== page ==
Green Adelaide's bold vision to reintroduce platypus to the River Torrens/Karrawirra Pari is one step closer to becoming a reality, with a peer-reviewed study showing positive signs for this iconic Australian animal.

The scoping study, which was released today, assessed the availability of macroinvertebrates as platypus food, habitat quality and river flow regimes as critical areas to support platypus reintroduction –all of which are favourable, according to expert ecologists, for the successful re-establishment of the species.

Green Adelaide Presiding Member Professor Chris Daniels said that the study's positive findings are an exciting step forward in Green Adelaide's quest to reintroduce platypus into the River Torrens/Karrawirra Pari.

"We are now one step closer to the dream of seeing wild platypus in the Torrens again one day," Professor Daniels said.

"We will continue rehabilitating the River Torrens/Karrawirra Pari for this threatened iconic Australian mammal and excited to one day return this missing vital part of the Torrens ecosystem.”

“While the study shows that there are a number of important actions to prepare our river, it is significant in the guidance it provides for the rewilding of our city.”


Professor Chris Daniels said that platypus haven't been recorded in the river since the 1800s, so it's promising to learn that the health of the Torrens is at a point that platypus could survive – and possibly even thrive – if they are reintroduced.

"While the scoping study is a preliminary investigation, it's encouraging to see that past habitat restoration work along the Torrens now means that many of the potential obstacles raised by experts in the field are now possible to overcome,” Professor Daniels said.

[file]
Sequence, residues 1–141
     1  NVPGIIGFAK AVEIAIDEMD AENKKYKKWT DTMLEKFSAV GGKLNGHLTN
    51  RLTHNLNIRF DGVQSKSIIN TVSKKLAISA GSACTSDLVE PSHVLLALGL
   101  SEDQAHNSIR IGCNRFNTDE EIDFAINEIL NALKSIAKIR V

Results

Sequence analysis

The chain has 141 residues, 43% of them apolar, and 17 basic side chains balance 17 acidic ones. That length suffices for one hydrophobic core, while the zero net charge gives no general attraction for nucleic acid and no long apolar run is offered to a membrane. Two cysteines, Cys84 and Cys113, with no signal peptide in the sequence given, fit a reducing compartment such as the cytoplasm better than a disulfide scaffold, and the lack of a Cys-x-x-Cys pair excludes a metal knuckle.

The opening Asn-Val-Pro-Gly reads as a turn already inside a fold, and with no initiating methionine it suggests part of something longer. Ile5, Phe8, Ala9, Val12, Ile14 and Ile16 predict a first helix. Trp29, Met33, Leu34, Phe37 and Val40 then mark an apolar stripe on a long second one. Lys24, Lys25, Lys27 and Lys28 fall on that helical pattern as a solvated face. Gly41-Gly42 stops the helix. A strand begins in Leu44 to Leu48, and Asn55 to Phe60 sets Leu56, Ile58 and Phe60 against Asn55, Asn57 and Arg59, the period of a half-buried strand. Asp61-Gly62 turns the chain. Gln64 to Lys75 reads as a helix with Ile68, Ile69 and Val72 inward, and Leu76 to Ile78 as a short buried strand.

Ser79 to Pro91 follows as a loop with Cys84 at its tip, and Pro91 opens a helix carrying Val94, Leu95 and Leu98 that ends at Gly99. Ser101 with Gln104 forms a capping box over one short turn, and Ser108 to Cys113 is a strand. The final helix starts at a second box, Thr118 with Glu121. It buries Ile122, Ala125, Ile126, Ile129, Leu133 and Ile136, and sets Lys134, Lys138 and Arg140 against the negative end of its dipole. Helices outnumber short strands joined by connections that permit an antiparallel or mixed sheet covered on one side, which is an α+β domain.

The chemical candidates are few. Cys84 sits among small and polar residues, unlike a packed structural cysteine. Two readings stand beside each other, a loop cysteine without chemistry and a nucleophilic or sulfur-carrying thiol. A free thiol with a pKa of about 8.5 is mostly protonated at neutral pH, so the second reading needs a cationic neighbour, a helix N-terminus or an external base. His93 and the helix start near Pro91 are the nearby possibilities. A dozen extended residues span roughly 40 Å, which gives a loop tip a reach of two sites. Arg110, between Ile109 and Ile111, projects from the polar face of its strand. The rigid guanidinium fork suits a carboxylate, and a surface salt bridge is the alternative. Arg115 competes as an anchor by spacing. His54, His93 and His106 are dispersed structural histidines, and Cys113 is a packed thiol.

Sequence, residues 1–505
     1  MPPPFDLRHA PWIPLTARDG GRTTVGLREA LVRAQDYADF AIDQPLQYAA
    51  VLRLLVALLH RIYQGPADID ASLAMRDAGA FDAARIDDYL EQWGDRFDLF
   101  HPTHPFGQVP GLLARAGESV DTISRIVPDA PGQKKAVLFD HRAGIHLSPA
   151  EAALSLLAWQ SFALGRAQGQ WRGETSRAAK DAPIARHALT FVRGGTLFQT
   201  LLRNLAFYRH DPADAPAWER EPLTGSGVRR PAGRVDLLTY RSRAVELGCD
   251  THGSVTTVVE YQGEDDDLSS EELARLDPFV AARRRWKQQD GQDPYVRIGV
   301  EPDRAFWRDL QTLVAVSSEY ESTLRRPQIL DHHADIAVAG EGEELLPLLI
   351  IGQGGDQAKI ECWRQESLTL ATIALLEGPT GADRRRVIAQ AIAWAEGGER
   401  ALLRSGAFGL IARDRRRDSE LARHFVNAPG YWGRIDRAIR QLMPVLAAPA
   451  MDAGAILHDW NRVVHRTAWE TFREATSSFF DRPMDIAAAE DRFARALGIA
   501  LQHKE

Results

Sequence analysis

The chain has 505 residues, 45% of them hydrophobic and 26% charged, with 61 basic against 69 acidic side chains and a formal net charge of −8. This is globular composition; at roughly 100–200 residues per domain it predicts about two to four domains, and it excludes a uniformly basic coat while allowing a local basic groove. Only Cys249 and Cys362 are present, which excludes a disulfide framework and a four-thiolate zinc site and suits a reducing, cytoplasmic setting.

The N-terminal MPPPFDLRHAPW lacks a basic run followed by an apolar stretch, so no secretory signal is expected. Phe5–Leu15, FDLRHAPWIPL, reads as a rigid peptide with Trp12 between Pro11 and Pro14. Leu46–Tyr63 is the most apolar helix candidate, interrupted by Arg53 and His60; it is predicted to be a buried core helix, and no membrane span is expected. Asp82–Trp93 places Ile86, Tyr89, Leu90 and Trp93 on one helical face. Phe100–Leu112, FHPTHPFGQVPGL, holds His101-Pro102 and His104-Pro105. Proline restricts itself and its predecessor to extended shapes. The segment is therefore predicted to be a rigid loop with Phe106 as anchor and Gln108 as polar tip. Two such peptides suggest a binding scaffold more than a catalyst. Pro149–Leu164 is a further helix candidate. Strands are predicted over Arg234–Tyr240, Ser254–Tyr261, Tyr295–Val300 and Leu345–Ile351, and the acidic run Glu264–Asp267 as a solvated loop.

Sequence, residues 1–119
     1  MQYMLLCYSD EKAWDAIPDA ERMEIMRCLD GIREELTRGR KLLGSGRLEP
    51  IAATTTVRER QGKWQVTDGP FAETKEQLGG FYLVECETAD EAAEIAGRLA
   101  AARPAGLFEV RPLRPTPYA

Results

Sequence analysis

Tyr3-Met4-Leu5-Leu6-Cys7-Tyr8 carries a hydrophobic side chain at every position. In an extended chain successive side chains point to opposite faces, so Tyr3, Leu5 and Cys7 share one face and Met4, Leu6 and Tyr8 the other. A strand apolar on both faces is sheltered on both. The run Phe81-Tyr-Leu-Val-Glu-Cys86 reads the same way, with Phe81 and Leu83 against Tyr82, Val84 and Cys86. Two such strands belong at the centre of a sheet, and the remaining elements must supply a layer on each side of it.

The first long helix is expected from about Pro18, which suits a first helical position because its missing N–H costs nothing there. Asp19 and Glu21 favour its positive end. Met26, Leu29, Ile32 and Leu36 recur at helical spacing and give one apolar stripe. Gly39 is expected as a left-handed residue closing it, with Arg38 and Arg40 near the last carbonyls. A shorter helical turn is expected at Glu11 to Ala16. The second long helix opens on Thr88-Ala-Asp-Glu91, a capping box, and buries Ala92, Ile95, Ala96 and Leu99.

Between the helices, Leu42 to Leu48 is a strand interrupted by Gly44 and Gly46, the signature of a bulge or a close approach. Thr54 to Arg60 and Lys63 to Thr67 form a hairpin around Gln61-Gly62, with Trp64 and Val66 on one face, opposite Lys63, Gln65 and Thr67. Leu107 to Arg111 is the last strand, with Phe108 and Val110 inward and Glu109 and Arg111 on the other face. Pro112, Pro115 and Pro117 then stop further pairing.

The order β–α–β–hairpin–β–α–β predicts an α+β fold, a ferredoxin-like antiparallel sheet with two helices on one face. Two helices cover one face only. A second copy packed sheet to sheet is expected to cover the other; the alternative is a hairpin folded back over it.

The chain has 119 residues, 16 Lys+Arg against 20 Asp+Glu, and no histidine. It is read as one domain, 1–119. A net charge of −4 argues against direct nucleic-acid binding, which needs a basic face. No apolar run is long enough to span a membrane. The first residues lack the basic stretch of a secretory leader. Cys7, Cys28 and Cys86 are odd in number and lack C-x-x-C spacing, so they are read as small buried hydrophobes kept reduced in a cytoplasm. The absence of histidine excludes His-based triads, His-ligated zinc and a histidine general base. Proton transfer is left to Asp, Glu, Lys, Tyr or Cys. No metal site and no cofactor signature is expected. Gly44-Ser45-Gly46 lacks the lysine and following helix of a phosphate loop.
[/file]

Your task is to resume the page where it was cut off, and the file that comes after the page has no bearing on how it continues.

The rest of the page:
“One of these obstacles was food sources, as platypus eat up to 50% of their body weight in food each day. We now know that the river does have enough macroinvertebrates, such as insects and shrimp, to support a reintroduction.

“This is a significant finding, not only because macroinvertebrates are valuable food for platypus, but because their diversity and abundance in the Torrens is a great indicator of the overall health of the river system.

Professor Daniels said a recent announcement from the Department of Primary Industries and Regions to ban opera house traps South Australia from 1 July is welcome news for the viability of the reintroduction project.

"The study highlighted that removal of these traps is critical for the success of reintroducing platypus to the River Torrens/Karrawirra Pari, so we are delighted that this recent ban announcement supports this iconic rewilding project,” Professor Daniels said.

Work over the next 12 months will focus better understanding how to further enhance habitats to best protect platypus from potential predators like cats and foxes, and the impact of river flow on food resource availability.

Learn more or download a copy of scoping study from our project page.

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